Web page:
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Sunday, Jul 07 2013 06:31 PM

Liberty's Hill is 2013 All-Area Girls Track and Field Athlete of the Year

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    By Henry A. Barrios / The Californian

    Liberty High's Morganne Hill has a solid lead at the finish of the 100-meter hurdles Wednesday at the SWYL Championships.

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BY ZACH EWING Californian staff writer zewing@bakersfield.com

Describing Morganne Hill is not done easily or quickly. But like much about Hill, it sure is fun.

Hill is an elite hurdler who also runs cross country for Liberty. She's a fiercely serious competitor who can laugh with anyone, including herself, the moment she walks off the track. She's a leader but a youngster, a sophomore who seems like a natural for the spotlight.

She also is The Californian's Girls Track and Field Athlete of the Year.

"She is all personality, no doubt about it," Liberty track coach Ryan Renz said. "She's fun to be around. That kid bings a positive attitude to practice every day. Not many kids have what she has: To be a special, special athlete like that and still have the fun and have a good time. She's just a pleasure to be around."

Hill also happens to be one of the best high school hurdlers in the state: She finished fifth in the 300-meter hurdles at the CIF State Track and Field Championships last month, clocking a personal-best time of 42.43 seconds in the state preliminaries. She also finished sixth in the state in the 100 high hurdles, again recording her best time in the prelims, a 14.14.

She won Central Section titles in both events, was never tested in a local hurdles race and also anchored the Patriots' 1,600 relay team to state, where it finished 14th.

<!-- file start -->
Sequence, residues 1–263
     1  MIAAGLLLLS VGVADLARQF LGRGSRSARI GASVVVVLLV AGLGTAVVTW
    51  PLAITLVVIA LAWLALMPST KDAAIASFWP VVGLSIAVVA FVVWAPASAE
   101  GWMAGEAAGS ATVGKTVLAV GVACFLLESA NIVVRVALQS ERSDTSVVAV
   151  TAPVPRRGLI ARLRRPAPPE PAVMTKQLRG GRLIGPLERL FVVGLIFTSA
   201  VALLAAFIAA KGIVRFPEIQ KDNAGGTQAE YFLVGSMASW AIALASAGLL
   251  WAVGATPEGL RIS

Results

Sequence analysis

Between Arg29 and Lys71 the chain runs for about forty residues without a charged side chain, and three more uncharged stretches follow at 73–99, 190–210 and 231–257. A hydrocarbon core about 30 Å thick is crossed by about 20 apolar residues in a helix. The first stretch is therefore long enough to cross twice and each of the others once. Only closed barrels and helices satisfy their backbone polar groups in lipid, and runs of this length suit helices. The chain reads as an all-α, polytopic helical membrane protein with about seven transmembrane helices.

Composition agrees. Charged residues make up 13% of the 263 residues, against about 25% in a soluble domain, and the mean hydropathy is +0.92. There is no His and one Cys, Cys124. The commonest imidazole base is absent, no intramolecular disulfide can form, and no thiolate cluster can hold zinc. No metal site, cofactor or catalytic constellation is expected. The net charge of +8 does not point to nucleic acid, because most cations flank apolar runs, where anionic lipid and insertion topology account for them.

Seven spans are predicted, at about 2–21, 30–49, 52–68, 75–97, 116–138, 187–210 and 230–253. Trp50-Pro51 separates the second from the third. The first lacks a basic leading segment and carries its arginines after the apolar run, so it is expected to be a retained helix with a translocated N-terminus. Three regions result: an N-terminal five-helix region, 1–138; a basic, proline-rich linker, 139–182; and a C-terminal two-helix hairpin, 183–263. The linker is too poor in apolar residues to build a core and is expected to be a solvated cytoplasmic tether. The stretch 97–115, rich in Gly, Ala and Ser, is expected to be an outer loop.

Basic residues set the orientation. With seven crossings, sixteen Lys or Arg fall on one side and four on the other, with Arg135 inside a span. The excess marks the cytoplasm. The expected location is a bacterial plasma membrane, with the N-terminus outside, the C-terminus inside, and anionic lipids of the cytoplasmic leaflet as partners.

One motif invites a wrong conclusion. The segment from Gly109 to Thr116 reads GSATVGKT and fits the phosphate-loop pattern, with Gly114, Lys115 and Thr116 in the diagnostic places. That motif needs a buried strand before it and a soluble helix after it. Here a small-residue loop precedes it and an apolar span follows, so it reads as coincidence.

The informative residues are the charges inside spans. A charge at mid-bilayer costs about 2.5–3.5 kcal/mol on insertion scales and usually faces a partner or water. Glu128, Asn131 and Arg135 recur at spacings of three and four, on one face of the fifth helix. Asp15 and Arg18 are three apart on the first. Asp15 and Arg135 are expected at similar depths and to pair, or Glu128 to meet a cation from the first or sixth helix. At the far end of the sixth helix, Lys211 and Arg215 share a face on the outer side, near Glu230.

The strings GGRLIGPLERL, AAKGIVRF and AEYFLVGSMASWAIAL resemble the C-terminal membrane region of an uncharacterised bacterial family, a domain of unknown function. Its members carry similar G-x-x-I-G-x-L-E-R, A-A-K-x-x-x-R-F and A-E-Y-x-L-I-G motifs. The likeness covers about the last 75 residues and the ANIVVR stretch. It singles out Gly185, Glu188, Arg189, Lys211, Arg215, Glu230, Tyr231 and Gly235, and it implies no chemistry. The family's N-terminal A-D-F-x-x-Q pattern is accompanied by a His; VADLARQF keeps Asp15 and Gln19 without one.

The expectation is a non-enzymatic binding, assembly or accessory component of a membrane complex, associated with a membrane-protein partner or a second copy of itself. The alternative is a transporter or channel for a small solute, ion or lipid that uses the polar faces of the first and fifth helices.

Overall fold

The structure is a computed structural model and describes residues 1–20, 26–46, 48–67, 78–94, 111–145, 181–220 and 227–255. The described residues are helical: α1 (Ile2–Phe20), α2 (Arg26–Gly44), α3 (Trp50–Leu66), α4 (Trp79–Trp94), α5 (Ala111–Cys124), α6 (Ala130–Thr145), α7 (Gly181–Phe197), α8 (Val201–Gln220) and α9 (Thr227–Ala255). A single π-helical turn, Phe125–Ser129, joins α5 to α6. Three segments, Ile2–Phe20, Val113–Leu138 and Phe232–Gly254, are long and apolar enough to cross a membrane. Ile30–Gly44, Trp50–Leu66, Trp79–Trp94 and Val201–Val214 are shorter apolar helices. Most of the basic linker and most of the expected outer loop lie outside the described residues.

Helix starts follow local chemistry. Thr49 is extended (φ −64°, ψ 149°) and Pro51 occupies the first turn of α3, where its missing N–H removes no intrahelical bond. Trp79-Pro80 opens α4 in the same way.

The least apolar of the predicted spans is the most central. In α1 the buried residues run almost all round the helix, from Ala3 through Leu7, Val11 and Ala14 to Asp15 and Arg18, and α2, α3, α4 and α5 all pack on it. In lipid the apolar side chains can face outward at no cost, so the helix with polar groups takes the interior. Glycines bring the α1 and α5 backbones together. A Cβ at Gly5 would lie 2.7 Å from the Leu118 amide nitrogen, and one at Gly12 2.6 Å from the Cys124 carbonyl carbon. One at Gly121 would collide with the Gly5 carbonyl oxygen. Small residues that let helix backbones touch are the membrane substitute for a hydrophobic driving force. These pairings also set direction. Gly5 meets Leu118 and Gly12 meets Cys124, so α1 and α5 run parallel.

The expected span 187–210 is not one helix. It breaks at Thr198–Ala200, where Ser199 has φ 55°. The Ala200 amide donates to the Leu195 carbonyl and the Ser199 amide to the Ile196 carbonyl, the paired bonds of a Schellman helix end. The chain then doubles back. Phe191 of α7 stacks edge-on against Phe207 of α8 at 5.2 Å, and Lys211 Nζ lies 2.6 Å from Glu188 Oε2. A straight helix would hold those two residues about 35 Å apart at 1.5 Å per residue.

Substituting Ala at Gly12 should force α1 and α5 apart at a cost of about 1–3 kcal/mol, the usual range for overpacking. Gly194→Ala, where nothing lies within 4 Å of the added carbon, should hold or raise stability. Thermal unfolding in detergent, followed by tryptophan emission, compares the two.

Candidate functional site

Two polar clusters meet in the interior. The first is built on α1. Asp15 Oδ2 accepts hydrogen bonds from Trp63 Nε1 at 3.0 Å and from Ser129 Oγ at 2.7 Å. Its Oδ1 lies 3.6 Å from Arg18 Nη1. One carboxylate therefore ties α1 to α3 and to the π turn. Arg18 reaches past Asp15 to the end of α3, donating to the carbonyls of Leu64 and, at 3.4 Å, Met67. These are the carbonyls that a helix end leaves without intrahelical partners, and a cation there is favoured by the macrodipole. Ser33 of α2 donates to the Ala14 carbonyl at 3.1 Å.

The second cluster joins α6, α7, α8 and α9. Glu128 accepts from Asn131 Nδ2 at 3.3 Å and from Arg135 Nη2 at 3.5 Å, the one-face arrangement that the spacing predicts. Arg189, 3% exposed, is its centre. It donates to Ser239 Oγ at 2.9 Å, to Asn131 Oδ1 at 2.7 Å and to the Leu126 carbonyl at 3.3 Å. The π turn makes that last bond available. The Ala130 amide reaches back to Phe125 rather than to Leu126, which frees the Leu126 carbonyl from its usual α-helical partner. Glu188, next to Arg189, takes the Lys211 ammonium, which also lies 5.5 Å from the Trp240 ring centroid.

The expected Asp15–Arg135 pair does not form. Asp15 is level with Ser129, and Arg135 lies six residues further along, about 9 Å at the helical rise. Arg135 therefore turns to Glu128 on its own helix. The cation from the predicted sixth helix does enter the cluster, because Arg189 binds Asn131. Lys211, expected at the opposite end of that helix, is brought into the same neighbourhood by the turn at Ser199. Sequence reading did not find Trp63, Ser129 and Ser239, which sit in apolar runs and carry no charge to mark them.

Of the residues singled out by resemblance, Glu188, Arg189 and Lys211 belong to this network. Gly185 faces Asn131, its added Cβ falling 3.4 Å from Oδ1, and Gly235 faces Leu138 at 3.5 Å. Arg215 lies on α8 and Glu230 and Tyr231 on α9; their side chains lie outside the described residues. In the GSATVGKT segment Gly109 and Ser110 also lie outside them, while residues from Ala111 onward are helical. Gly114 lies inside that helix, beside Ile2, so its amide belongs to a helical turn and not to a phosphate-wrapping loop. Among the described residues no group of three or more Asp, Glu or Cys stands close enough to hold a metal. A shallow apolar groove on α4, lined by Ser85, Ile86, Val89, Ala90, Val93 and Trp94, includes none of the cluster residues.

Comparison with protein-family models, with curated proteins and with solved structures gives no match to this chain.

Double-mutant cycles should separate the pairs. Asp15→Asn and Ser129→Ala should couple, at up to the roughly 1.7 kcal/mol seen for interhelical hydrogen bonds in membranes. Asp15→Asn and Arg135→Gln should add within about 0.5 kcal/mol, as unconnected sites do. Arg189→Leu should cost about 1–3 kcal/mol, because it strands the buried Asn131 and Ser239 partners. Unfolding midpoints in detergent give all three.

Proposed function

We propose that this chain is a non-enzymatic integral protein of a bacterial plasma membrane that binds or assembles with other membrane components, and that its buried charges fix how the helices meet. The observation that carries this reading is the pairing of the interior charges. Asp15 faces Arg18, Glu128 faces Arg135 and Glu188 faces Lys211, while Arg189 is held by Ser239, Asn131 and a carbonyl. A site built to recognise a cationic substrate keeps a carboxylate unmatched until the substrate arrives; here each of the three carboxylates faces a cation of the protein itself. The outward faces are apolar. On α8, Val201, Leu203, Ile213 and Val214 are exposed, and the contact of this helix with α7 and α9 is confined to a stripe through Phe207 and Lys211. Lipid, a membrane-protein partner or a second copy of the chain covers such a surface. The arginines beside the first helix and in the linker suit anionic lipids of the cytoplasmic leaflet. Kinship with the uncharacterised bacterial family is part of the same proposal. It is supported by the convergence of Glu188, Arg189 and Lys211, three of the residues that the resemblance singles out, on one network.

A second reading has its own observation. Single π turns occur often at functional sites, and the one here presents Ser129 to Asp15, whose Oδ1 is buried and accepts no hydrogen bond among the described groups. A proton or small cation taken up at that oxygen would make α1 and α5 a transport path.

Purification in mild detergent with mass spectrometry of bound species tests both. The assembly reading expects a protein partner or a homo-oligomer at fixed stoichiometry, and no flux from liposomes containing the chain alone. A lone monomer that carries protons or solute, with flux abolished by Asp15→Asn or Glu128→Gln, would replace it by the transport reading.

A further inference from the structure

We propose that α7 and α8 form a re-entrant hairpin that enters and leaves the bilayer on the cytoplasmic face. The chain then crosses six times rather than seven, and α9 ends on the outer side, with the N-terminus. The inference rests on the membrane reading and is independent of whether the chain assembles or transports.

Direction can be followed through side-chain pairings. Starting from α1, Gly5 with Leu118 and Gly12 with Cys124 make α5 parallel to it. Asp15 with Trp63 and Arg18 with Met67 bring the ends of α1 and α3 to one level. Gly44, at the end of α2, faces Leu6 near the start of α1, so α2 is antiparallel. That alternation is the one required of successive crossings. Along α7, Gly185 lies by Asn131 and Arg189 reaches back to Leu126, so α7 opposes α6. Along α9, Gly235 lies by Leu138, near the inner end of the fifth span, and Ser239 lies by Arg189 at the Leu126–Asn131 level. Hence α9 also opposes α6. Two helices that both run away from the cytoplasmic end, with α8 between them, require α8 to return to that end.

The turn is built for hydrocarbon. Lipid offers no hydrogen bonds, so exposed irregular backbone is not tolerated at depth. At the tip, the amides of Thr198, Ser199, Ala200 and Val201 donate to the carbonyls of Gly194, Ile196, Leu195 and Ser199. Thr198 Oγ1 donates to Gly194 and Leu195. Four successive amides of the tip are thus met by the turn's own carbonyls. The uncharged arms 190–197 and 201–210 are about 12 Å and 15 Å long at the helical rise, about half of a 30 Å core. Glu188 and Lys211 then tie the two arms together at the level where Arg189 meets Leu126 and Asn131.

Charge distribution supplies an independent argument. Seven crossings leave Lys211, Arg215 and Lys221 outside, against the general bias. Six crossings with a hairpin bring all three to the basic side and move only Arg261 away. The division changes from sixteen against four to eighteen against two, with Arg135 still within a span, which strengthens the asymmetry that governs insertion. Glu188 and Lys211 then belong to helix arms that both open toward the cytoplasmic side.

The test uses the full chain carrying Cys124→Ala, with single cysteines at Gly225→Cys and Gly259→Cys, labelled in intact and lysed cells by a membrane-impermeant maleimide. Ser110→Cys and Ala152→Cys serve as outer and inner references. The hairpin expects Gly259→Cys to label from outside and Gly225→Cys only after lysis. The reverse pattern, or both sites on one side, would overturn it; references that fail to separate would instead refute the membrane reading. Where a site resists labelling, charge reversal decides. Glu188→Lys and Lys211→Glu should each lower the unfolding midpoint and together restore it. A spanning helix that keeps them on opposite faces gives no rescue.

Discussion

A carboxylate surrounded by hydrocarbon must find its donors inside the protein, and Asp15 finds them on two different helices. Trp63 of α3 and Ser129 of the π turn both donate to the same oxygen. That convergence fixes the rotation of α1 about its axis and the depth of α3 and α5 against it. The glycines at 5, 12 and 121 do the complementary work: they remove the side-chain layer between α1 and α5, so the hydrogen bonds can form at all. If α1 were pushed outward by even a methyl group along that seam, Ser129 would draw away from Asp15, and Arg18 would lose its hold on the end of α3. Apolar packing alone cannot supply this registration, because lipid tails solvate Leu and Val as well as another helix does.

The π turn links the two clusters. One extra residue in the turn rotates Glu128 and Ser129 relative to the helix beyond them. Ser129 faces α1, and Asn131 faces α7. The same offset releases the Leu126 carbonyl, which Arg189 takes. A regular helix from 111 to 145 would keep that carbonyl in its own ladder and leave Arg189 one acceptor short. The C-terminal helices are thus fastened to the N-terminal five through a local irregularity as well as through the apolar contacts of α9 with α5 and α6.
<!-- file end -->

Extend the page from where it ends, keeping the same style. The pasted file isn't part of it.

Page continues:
"I had a really solid season," said Hill, who qualified for state in the 300 hurdles as a freshman. "I heard from a lot of previous athletes, 'Just make sure you're not the kid who has an amazing freshman year and think they're just going to be amazing.' So I knew I had to keep giving 110, 120 percent. And it was a really nice season."

Her progression in the high hurdles especially came as a pleasant surprise.

"I knew she would be better, with her second year really doing the hurdles seriously, and I thought she could get into the 42s in the 300 hurdles," Renz said. "But I never thought she would be where she is in the high hurdles. I was shocked."

Hill's time in the 100 high hurdles ranks fourth all-time in the Central Section; she's third-best ever in the 300 hurdles, with two years to come.

Through it all, Hill was her smiling, engaging, fun-loving self.

"I try to make it an experience," she said. "Track can be a stressful thing. It's like, 'Oh, dear, I know I'm going to be in pain at some point during this practice.' And on the track, I'm very serious, but in between, I'm going to mess around with the coaches and have some fun. Otherwise, what's the point of a sport if you're not going to enjoy it?"

But make no mistake: Hill is as serious as they come, immediately regretting an extra step in between hurdles or wishing her time could have been just a little bit better.

"Once you get on the track, it's a whole different world," she said. "It's very serious. It's like, you have to keep buisness and pleasure separate."

Hill started her sophomore year with cross country season, which seems like odd training for a hurdler who relies on burst and acceleration. But Hill, who finished second in the Southwest Yosemite League cross country finals, said it radically improved her strength and gave her a training base to start from when track season rolled around.

"It was great for her," Renz said. "She became that much better of a trainer, it helped her in the 300 (hurdles) and in the 400. I saw no negative effects at all."

Hill, who spends a large part of each summer with family in Idaho, attended a Washington State track camp in late June and plans on coming into cross country season with even more of a fitness base as a junior.

If the year goes as much according to plan as this one did, look out.

"I'd like to win a state championship," Hill said. "It's not 100 percent, but I think I can do it. I knew there would be competition this year, so I thought, 'OK, compete, just do your thing.' But when you're an upperclassman, that's when you really start thinking about it."

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